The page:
An Obligation for American Orthodoxy

'Regarding his solutions, there is a tremendous lack of depth.' Itamar Ben-Gvir and Meirav Michaeli clashing outside a campaign rally. (Shaul Golan)

In light of the past five Israeli elections, one might be compelled to think that the deep divides between the Israeli right, center and left have always been this corrosive, thereby preventing the establishment of a sane government. In fact, even prior to the second ascent of Benjamin Netanyahu, and his current plan to return to power, such fractious splitting of the vote did in fact occur three times in the tumult of the 1980s, forcing the right and left to come together in a brief, albeit successful unity government.

The differences between the policies of the Likud and Labor parties were indeed vast, specifically on matters such as the First Lebanon War, approaches to market reform, and the unfolding settlement enterprise; yet there was one matter on which nearly all Knesset members, American Jewish organizations, and Israeli political leadership could agree upon, the disqualifying character of Meir Kahane. Collective, bipartisan, parliamentary boycott of a single individual would be nearly incomprehensible today both in Israel and across the liberal democracies of the West, where the very foundations of political liberalism are in question, and the validity of civil discourse is under assault. The father of the Likud, Menachem Begin, aptly described Kahane as an “unhinged lunatic.”

It is therefore horrific, as a religious American Jew, to watch the collective Israeli reappraisal of Meir Kahane, arguably one of the most incendiary Jewish figures of the 20th century, this time through the medium of his admiring disciple, Itamar Ben Gvir. Kahane, whom Shaul Magid has previously demonstrated to have been nurtured in a specifically American context, capitalized on his ability to captivate a Vietnam-era youth, and fashion a uniquely Jewish approach to the ‘radicalism of race, ethnicity and identity politics’ that characterized the 1960s; Kahane, like nearly all minority activists at the time, was definitionally countercultural, regardless of the vitriol he spewed; American Jewish youth, disenfranchised by the latent capitalism of the era, burgeoning secularism, and the romantic nationalism that the Six Day War evoked, fit well into this categorization.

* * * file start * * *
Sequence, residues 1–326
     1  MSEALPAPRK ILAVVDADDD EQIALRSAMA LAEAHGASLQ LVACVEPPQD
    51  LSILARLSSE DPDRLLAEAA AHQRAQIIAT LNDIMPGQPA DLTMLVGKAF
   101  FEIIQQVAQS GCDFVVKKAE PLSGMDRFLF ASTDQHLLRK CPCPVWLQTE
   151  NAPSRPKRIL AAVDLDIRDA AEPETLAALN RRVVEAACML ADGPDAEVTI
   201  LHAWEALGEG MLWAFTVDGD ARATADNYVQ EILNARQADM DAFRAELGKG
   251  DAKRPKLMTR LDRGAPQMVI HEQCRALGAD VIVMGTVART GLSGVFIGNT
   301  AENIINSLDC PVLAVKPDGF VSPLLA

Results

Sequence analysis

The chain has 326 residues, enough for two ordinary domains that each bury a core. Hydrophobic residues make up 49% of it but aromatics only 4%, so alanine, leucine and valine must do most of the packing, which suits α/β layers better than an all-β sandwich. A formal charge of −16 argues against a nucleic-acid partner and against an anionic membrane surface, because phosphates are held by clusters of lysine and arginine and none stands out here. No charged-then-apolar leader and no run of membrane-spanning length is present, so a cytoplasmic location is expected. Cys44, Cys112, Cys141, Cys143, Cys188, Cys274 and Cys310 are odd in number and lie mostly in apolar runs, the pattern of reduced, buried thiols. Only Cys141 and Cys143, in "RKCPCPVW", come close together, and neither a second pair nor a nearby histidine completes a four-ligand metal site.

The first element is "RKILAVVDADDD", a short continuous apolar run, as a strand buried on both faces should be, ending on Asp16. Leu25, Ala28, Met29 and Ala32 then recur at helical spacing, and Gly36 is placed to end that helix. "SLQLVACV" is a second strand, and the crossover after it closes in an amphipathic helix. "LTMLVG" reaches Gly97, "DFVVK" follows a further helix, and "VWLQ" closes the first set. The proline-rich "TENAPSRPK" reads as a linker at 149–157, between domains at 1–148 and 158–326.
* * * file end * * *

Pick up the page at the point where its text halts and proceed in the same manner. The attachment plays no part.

Like nearly all populist figures, Kahane was rightfully loathed by an American and Israeli Jewish establishment which was repulsed and disturbed by his ideology’s seductive allure for young Jewish men. His selective citation of Jewish sources appalled American rabbinic leadership, the likes of which included R. Joseph Ber Soloveitchik and R. Yitz Greenberg. Regardless of Kahane’s rabbinic acumen and the near universal acknowledgment of his talmudic prowess, the father of the future Israeli Kach party existed well outside the American rabbinic consensus on Zionism and the state.

To directly compare the newly cheerful Ben Gvir to Kahane, and view Ben Gvir as the most recent, and most palatable, incarnation of Kahanism is an honest mistake that most American and Israeli pundits, religious and secular, have made; in truth, however, we are missing the forest for the trees. We, as American Jews, have become convinced that as the Start-Up nation continues to flourish, economically and politically, all of its citizens are basking in the trickle-down benefits of its policies. A brief survey of the periphery over the past decade demonstrates conclusively that the Israeli periphery, the former site of the ma’abarot camps and Black Panther democratic movement, is in a steep decline, with a shrinking population, aging infrastructure, and general sense of hopelessness that is more reminiscent of Cairo and Tunis than it is of Tel Aviv.